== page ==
Generally, instructions are communicated from a hand held remote control device, through the programming access port, to a programmable solenoid controller which is a subcomponent of the electronic control system. Preferably, the solenoid controller has date and time function capabilities such that a remote operator can program the apparatus to perform water purging functions at programmed times. The programmable solenoid also communicates with chemical, electronic and/or optical sensing devices, providing a means for purging based upon water quality parameters. Preferably, the power source comprises a rechargeable battery. The system is housed in a water tight housing to prevent damage to internal components. The housing is specially designed to allow easy access to internal components. Bulky system components are stored below grade level in a specially designed water tight compartment, leaving only the relatively small aesthetically engineered portion of the housing above grade level.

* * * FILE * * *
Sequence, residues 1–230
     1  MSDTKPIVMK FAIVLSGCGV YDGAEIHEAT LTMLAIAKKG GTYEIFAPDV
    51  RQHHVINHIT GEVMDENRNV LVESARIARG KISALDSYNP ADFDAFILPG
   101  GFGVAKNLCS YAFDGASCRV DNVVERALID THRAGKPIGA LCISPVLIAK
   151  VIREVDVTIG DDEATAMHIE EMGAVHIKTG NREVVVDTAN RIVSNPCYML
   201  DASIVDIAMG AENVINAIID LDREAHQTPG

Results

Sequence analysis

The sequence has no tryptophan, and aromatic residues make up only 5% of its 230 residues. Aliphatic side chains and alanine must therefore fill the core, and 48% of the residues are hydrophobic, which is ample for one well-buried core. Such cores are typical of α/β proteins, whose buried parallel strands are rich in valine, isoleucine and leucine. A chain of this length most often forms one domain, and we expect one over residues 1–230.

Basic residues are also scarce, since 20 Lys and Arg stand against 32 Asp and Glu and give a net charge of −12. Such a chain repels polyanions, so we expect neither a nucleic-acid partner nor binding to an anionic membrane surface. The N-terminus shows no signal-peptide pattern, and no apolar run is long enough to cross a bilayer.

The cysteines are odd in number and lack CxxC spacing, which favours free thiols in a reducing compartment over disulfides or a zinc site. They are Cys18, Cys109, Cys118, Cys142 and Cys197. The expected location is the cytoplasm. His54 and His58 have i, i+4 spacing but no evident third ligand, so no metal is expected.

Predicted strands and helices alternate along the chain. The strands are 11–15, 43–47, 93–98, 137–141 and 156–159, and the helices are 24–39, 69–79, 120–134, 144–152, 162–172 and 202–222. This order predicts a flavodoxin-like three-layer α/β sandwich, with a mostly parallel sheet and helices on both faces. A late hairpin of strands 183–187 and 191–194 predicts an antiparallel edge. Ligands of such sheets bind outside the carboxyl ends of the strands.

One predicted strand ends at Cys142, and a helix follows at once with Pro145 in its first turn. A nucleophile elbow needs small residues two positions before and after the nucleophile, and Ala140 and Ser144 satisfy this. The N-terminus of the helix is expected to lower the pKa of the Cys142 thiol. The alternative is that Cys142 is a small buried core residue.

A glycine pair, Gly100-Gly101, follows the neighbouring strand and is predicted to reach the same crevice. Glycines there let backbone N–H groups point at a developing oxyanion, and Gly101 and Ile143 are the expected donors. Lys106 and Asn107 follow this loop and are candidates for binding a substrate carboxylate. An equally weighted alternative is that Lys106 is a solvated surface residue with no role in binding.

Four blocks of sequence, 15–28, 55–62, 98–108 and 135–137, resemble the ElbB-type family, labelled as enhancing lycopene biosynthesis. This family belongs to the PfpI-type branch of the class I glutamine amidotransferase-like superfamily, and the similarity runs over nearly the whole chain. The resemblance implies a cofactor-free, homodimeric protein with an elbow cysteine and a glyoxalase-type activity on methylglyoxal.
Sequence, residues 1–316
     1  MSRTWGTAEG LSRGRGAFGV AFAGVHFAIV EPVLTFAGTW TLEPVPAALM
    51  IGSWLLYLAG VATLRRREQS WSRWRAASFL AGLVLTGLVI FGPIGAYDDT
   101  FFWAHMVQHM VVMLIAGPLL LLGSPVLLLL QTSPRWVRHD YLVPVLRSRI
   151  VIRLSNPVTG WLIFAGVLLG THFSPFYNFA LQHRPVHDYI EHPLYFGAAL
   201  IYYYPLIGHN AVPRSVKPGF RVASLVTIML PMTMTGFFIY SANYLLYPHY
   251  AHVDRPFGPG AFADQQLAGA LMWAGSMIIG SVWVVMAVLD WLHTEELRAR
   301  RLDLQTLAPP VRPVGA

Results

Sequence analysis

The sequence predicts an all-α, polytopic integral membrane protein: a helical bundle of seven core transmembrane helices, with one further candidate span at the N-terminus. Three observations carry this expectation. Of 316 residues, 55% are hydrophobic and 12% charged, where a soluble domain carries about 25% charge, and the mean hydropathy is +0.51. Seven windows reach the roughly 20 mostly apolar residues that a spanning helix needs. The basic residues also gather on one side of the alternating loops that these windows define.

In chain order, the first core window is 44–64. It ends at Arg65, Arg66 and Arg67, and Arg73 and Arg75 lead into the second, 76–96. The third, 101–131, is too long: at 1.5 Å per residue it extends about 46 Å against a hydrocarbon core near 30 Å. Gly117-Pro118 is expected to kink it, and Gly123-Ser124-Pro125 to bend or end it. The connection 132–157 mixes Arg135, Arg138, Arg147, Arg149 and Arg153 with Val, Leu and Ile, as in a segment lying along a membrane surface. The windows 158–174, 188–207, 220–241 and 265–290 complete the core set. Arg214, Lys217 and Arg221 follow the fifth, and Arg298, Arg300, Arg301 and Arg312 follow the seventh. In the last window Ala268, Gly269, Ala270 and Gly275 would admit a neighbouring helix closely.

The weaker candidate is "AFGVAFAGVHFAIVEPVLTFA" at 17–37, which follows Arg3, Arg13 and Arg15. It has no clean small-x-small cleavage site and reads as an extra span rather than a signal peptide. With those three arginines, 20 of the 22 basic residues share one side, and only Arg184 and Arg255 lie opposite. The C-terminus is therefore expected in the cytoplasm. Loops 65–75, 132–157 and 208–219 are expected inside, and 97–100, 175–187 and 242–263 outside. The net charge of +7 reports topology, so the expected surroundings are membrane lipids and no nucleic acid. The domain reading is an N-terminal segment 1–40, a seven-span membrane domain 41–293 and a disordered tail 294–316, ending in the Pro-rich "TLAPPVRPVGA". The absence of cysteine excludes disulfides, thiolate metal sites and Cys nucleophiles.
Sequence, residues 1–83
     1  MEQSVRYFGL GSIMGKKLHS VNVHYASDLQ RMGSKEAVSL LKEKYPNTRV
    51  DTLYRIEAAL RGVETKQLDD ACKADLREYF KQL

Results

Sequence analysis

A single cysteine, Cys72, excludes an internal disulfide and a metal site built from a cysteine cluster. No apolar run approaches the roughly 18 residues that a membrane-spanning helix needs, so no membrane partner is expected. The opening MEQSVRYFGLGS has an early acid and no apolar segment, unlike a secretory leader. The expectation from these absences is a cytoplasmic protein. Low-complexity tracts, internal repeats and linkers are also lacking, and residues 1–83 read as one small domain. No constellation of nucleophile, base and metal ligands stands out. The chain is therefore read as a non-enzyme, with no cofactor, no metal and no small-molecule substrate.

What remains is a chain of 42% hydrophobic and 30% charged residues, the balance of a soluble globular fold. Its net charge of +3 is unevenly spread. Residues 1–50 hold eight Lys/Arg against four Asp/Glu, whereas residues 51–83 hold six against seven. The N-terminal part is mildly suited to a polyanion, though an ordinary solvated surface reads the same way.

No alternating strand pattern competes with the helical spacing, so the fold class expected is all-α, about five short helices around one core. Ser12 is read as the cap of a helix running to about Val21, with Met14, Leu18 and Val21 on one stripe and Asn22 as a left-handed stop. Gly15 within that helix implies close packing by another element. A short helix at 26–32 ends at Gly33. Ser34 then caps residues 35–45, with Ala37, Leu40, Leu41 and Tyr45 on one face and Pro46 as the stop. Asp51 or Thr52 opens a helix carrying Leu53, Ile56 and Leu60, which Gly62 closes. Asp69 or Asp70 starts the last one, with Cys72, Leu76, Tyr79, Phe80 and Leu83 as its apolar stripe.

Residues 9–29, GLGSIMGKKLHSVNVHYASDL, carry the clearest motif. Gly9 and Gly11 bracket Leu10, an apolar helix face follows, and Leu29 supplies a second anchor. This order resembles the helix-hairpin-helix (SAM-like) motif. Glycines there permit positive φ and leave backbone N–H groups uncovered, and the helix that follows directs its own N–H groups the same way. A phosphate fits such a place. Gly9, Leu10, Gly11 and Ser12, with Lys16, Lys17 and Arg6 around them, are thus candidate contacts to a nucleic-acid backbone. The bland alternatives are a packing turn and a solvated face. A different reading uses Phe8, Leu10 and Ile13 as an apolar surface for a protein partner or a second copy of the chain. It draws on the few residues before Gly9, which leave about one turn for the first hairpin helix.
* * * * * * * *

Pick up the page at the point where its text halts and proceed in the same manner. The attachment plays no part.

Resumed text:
FIG. 1 is an elevation view, partially in cross section, of an apparatus in accordance with the present invention.
FIG. 2a is a plan view (partially in cross section) of the bottom of energy dissipating structure 200.
FIG. 2b is a partial sectional view (through A--A) of energy dissipating structure 200.
FIG. 3 is a block diagram illustrating the interaction of the major system components of the apparatus of the present invention.
While the specification concludes with claims defining the features of the invention that are regarded as novel, it is believed that the invention will be better understood from a consideration of the following description in conjunction with the drawing figures, in which like reference numerals are carried forward.
Referring to FIG. 1, a multicomponent apparatus is provided for measuring the water quality of a subterranean water distribution system and selectively purging water therefrom. The apparatus is adapted for above and below ground, or grade level 180, mounting. As used herein, the term "upper portion" denotes structure located above grade level 180, and the term "lower portion" denotes structure located below grade level 180. In the preferred embodiment, the major components of the apparatus include: a housing; water transport apparatus; a programmable solenoid controller; a programming/data retrieval port; an electronic data control system; chemical, electronic and/or optical sensing devices; and a power source. Additionally, the apparatus may include a telephone and/or radio telemetry interface control system. The major system components are each comprised of subsystem components which cooperate to provide the advantages of the present invention.